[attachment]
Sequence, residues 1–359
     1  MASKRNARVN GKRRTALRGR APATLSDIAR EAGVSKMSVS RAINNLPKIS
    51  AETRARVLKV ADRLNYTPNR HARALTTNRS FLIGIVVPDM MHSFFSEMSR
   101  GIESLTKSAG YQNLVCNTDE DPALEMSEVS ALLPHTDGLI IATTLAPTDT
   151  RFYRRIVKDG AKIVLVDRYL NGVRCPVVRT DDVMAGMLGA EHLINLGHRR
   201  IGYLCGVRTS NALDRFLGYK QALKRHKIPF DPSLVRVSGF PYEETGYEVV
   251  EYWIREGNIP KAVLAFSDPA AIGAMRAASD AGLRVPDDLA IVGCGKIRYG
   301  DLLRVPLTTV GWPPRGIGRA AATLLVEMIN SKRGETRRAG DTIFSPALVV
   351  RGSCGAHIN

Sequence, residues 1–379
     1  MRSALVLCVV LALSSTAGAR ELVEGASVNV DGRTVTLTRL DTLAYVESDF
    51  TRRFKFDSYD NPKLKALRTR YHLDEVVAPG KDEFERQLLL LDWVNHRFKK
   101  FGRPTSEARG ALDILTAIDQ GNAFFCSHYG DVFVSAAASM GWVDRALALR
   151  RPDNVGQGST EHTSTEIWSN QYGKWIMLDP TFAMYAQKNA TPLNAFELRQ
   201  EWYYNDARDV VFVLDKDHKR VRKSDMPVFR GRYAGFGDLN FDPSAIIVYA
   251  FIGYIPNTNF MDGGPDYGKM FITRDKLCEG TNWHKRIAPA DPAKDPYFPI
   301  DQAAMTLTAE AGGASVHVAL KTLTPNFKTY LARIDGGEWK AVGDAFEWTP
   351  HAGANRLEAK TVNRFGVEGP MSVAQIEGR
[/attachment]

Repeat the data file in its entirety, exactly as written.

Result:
Sequence, residues 1–359
     1  MASKRNARVN GKRRTALRGR APATLSDIAR EAGVSKMSVS RAINNLPKIS
    51  AETRARVLKV ADRLNYTPNR HARALTTNRS FLIGIVVPDM MHSFFSEMSR
   101  GIESLTKSAG YQNLVCNTDE DPALEMSEVS ALLPHTDGLI IATTLAPTDT
   151  RFYRRIVKDG AKIVLVDRYL NGVRCPVVRT DDVMAGMLGA EHLINLGHRR
   201  IGYLCGVRTS NALDRFLGYK QALKRHKIPF DPSLVRVSGF PYEETGYEVV
   251  EYWIREGNIP KAVLAFSDPA AIGAMRAASD AGLRVPDDLA IVGCGKIRYG
   301  DLLRVPLTTV GWPPRGIGRA AATLLVEMIN SKRGETRRAG DTIFSPALVV
   351  RGSCGAHIN

Sequence, residues 1–379
     1  MRSALVLCVV LALSSTAGAR ELVEGASVNV DGRTVTLTRL DTLAYVESDF
    51  TRRFKFDSYD NPKLKALRTR YHLDEVVAPG KDEFERQLLL LDWVNHRFKK
   101  FGRPTSEARG ALDILTAIDQ GNAFFCSHYG DVFVSAAASM GWVDRALALR
   151  RPDNVGQGST EHTSTEIWSN QYGKWIMLDP TFAMYAQKNA TPLNAFELRQ
   201  EWYYNDARDV VFVLDKDHKR VRKSDMPVFR GRYAGFGDLN FDPSAIIVYA
   251  FIGYIPNTNF MDGGPDYGKM FITRDKLCEG TNWHKRIAPA DPAKDPYFPI
   301  DQAAMTLTAE AGGASVHVAL KTLTPNFKTY LARIDGGEWK AVGDAFEWTP
   351  HAGANRLEAK TVNRFGVEGP MSVAQIEGR